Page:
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Columbia landing postponed until Saturday

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December 6, 1996
Web posted at: 9:30 a.m. EST

KENNEDY SPACE CENTER, Florida (CNN) -- NASA on Friday ordered space shuttle Columbia to stay aloft yet another day as bad weather prevented a landing for the second consecutive day. The good news, NASA said, is that the 24-hour extension means Columbia will set a shuttle endurance record -- with 18 days in space.

The shuttle had been scheduled to touch down at Kennedy Space Center Thursday morning, and had been rescheduled for Friday, but fog and low clouds blanketed the landing strip both days -- forcing the cancellation.

"The fog is not burning off as we like it," ground controller Curt Brown radioed to the shuttle crew shortly before 8:30 a.m. EST Friday.

Flight controllers said they would make another landing attempt Saturday, when weather was predicted to improve. The five astronauts have enough fuel and supplies to remain in orbit until Wednesday, NASA spokesman Ed Campion said.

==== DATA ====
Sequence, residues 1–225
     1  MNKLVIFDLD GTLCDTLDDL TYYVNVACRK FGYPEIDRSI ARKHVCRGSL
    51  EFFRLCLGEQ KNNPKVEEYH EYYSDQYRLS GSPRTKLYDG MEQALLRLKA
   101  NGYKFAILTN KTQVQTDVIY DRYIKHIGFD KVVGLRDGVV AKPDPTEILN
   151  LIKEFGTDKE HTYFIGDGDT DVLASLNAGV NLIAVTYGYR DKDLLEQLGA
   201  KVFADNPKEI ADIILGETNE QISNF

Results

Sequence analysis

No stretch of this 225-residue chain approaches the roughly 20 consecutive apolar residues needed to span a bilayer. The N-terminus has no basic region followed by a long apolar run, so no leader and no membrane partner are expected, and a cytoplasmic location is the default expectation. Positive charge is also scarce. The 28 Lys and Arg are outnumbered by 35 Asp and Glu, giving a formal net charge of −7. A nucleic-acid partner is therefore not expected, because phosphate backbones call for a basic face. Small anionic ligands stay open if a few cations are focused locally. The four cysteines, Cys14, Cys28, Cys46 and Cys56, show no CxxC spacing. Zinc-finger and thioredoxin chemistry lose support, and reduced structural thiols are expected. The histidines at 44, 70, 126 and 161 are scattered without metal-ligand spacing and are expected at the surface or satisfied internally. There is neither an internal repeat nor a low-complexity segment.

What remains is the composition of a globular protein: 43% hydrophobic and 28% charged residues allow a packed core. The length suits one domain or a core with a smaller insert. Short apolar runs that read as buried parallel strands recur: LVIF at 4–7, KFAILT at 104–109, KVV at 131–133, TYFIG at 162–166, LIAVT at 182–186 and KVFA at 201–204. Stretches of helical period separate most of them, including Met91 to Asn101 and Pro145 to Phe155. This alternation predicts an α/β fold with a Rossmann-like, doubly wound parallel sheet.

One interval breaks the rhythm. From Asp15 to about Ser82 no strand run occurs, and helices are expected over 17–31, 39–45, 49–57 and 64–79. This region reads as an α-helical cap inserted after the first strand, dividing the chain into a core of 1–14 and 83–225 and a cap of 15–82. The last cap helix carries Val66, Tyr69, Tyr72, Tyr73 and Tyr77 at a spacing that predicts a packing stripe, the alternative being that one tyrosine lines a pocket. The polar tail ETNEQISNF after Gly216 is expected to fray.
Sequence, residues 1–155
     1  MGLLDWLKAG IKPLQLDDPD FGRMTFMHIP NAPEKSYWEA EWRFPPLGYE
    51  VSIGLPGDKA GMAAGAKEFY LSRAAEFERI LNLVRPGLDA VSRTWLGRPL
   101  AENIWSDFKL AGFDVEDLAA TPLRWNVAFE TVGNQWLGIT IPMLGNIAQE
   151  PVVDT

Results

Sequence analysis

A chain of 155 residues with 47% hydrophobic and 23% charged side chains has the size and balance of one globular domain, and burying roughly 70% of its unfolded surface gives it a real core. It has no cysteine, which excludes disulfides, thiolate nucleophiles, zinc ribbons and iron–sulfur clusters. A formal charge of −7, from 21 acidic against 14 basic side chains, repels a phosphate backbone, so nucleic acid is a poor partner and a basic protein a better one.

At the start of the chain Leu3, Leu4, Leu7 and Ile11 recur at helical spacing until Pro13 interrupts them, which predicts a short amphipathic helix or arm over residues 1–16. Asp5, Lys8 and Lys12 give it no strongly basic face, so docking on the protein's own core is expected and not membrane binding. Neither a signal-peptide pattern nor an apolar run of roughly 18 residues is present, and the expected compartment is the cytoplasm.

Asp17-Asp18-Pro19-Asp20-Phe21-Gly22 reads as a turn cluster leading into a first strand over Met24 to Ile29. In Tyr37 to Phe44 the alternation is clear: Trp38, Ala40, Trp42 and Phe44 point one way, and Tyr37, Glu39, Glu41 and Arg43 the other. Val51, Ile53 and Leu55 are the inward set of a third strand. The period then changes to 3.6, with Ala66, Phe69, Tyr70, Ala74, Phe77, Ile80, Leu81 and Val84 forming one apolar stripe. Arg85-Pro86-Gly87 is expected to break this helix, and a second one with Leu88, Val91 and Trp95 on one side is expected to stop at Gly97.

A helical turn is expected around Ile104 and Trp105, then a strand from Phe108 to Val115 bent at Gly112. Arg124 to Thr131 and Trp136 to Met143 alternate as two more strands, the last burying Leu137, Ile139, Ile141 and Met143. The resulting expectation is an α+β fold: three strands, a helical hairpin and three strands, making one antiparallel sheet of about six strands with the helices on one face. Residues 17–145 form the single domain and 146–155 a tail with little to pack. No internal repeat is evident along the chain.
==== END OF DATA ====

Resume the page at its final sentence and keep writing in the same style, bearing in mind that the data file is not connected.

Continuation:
NASA officials had contemplated moving the Friday landing to Edwards Air Force Base in California. But weather conditions there were also poor as low clouds and high winds were reported.

The landing delays came toward the end of a flight marked by two successful experiments, a jammed hatch that caused cancellation of spacewalks and other mechanical glitches. A Saturday landing would mean the astronauts had been in orbit for 18 days, a space shuttle endurance record. Columbia holds the record for the longest shuttle flight to date set earlier this year, 16 days and 22 hours.

Reuters contributed to this report.


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